Solaris ssh pam_krb

Nicolas Williams Nicolas.Williams at
Fri Mar 31 18:18:27 EST 2006

On Fri, Mar 31, 2006 at 05:38:30PM -0500, Ken Hornstein wrote:
> >If you're using Kerberos V for authentication in remote administration
> >protocols and have, say, 30,000 hosts to look after then your ccache
> >would grow to:
> >
> >14KB x 30,000 = *huge* (~410MB)
> Oh, come on ... this is a strawman argument.  You'd have to make some
> serious changes to make this work with what we have today!  Even with a
> disk file!

I know, but *I* needed this once.

> >Sorry, tickets don't belong in the kernel.  Even with pageable kernel
> >memory, and proper accounting.
> It seems like it would make sense to let the user/administrator make that
> choice, instead of focusing on a hypothetical worst case.  Sure, it
> might be really bad for a few sites ... so they have to use something
> else.  But why deny the choice for other sites?
> >Given the choice of complexity in the kernel vs similar complexity in
> >user-land I tend to prefer the latter.
> I can't think of any kernel-land application that can't live with an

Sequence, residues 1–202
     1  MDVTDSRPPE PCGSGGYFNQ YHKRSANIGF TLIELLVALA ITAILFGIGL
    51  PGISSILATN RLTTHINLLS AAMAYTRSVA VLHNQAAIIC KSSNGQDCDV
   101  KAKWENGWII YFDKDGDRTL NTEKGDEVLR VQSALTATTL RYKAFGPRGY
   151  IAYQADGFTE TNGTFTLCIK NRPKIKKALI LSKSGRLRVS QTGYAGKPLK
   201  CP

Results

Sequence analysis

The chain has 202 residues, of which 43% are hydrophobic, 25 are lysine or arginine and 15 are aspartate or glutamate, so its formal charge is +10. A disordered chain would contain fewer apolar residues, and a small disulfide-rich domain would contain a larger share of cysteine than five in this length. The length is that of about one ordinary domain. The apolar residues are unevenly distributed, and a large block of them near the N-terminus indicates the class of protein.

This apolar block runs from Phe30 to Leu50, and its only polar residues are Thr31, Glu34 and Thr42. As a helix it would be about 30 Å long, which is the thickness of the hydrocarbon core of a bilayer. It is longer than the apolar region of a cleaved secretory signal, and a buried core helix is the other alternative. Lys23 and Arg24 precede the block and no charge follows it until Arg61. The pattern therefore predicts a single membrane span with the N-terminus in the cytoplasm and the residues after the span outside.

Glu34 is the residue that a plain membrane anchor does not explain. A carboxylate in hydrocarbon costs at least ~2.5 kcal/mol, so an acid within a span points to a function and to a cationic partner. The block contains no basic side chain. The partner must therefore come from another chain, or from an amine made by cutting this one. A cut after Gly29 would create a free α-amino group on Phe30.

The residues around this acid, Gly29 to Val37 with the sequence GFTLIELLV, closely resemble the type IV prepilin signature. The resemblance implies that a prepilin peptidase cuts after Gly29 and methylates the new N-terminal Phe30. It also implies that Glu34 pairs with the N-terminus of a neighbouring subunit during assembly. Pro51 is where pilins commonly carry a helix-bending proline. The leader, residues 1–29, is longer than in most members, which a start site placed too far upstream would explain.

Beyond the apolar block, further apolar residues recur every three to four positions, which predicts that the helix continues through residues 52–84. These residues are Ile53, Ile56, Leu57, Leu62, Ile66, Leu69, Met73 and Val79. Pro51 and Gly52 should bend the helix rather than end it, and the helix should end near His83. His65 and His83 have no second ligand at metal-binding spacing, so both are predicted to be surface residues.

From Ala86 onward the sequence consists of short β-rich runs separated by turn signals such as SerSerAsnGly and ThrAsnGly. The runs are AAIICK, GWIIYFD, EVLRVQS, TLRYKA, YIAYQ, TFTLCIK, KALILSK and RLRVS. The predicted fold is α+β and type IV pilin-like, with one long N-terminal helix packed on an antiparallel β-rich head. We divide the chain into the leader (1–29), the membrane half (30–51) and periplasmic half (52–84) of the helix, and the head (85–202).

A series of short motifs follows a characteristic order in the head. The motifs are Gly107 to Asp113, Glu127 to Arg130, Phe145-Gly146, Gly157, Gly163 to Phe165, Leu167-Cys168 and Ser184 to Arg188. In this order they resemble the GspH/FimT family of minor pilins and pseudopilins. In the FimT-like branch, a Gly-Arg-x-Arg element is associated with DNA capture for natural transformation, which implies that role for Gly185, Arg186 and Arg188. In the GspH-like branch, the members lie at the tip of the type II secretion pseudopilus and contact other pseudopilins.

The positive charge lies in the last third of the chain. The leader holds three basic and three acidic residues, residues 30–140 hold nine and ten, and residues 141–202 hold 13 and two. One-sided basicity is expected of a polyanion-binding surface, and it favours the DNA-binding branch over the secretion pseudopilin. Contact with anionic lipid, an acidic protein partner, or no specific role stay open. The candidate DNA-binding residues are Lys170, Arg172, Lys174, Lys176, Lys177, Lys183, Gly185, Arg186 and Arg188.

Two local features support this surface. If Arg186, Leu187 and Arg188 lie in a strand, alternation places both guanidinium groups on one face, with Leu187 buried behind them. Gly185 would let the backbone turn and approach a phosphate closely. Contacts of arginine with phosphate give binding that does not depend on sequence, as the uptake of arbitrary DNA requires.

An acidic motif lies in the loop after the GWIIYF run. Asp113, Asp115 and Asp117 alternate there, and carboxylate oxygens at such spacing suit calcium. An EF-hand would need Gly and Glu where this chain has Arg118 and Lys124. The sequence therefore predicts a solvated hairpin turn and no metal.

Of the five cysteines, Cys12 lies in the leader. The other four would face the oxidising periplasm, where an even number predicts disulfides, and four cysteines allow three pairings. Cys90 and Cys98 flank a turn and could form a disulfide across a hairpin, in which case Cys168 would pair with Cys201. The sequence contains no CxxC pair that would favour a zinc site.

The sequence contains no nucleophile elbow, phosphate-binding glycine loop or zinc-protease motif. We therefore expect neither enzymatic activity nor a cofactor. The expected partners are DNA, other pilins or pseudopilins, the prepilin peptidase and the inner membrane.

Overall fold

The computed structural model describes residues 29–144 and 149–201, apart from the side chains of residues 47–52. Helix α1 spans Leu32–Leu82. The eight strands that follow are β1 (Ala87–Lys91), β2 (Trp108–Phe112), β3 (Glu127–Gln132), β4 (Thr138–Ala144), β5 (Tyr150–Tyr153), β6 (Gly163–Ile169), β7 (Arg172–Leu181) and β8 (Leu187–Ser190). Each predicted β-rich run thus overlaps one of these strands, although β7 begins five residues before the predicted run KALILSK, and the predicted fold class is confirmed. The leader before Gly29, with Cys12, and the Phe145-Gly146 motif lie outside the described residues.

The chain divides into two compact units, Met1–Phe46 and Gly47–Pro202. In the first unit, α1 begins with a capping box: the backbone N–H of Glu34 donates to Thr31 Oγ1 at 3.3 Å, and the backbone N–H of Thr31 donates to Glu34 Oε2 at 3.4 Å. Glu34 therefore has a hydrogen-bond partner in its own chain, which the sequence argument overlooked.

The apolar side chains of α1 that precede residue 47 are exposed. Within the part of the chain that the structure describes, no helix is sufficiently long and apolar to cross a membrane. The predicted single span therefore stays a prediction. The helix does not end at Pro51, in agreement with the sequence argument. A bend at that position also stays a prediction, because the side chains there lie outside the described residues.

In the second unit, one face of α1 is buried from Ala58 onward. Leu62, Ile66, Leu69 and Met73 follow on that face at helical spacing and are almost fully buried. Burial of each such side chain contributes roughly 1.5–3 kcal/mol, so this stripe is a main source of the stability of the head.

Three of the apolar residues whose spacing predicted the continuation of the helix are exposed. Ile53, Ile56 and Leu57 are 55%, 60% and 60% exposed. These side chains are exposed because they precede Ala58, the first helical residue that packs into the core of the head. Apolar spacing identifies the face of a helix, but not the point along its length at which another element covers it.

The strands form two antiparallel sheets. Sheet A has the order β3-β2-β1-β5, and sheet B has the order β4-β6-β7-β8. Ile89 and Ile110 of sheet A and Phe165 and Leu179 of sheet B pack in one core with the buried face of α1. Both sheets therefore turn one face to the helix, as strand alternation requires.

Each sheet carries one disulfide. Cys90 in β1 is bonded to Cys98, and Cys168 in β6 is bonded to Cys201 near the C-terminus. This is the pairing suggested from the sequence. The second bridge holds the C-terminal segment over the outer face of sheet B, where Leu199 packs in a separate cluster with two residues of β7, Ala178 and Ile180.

> upcall to user-space interface, like gssd does today.  The only thing
> that concerns me is how is gssd going to access credentials in someone
> else's PAG?  And if gssd can do it, then what prevents other user-land
> applications that are not part of the user's PAG from doing the same
> thing?  The one thing I really like about the current implementation of
> AFS PAGs today is that root can't get at anyone else's AFS tokens
> without diving into the kernel.

GSSD, today, is a privileged application.  In the future we may have
per-user or per-PAG GSSD instances, with the primary GSSD serving only
as a registration service for the former.

> Now, I'd be happy with something that we could hypothetically call
> "nfslog" that would talk to gssd or the kernel directly and run in the
> user's PAG to get tickets.  Well, I guess "happy" wouldn't be the right
> word ... I'd be _satisfied_ with it.

I'll take your being satisfied :)


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